EBM Community Acquired Pneumonia

Pedagogical disambiguation: Emergency Medicine Lecture Notes and Evidence Based emergency medicine principles from Professor A.F.T Brown and the Life in the Fast Lane team.

Community Acquired Pneumonia in Adults

  • Risk factors for CAP include:
    • Age over 50 years, asthma, smoking, pre-existing COPD, DM, CRF, CCF, alcoholism, liver disease, neoplasia, stroke, seizures, aspiration, immunosuppression, institutionalisation, indigenous.

Johnson P, Irving L et al. Community-acquired pneumonia. MJA 2002; 176:341-347 [Reference]

  • Note that a normal CXR in a bed-ridden patient with suspected pneumonia does not rule it out (NPV 65%) and so CT may be indicated to confirm.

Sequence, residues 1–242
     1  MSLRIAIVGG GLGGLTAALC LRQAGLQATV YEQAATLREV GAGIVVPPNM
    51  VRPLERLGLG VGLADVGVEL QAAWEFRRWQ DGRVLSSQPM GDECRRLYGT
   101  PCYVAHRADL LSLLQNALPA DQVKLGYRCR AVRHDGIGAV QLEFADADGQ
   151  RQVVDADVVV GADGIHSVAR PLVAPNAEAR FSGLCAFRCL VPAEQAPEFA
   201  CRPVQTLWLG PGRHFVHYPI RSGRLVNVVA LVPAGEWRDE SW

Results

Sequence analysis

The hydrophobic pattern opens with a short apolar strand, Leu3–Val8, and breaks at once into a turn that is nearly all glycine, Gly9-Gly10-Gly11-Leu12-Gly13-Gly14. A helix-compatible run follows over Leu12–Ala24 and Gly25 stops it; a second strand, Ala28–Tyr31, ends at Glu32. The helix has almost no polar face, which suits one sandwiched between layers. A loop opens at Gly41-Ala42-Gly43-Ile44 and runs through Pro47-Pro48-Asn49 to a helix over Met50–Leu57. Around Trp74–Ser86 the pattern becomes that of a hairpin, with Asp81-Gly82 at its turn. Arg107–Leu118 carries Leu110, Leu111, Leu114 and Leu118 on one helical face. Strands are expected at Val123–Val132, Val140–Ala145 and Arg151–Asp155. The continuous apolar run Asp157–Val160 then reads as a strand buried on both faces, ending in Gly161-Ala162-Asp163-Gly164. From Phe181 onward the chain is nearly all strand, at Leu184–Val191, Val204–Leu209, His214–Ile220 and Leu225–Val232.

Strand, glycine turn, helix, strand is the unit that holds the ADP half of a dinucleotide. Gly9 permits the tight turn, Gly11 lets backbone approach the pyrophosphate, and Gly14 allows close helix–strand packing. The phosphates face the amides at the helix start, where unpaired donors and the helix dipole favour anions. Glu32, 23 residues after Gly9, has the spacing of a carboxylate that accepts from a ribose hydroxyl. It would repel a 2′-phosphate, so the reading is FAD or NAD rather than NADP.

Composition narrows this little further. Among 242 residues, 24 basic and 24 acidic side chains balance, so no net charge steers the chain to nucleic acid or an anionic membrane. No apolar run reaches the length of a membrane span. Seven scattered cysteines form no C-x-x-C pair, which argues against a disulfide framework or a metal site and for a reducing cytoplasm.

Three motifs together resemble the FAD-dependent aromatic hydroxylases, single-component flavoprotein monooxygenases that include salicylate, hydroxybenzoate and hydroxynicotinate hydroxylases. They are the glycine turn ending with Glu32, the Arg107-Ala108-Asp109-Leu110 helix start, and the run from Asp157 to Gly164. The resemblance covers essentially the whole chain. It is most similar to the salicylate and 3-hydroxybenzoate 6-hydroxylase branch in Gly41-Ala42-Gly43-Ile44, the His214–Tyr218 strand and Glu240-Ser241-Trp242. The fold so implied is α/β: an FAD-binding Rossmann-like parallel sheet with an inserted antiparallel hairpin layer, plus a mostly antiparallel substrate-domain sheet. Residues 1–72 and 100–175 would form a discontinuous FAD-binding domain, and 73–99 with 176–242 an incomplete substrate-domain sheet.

Esayag Y, Nikitin I, Bar-Ziv J et al. Diagnostic value of chest radiographs in bedridden patients suspected of having pneumonia. Am J Med 2010;123:88.e1-88.e6. [Reference]

  • Most common organism is Strep pneumoniae + causes most severe illness and deaths, especially in the elderly. Also Mycoplasma pneumoniae, Chlamydophila pneumoniae, Legionella and H.influenzae (usually in COPD)
    • Note rapid urinary antigen tests available for Strep pneumonia and   Legionella, recommended in moderate to severe CAP.
  • ‘Red flags’ for severe illness mandating admission include RR > 30/min, SBP < 90 mmHg, SaO2 < 92%, acute confusion, pH < 7.35, PaO2 < 60 mmHg and multilobar involvement on CXR.
  • Australian-derived severity scoring system for use when CAP is confirmed on CXR, dichotomoised for patients more than 50 years or ≤ 50 yr, is known as SMART-COP, and is scored out of 11.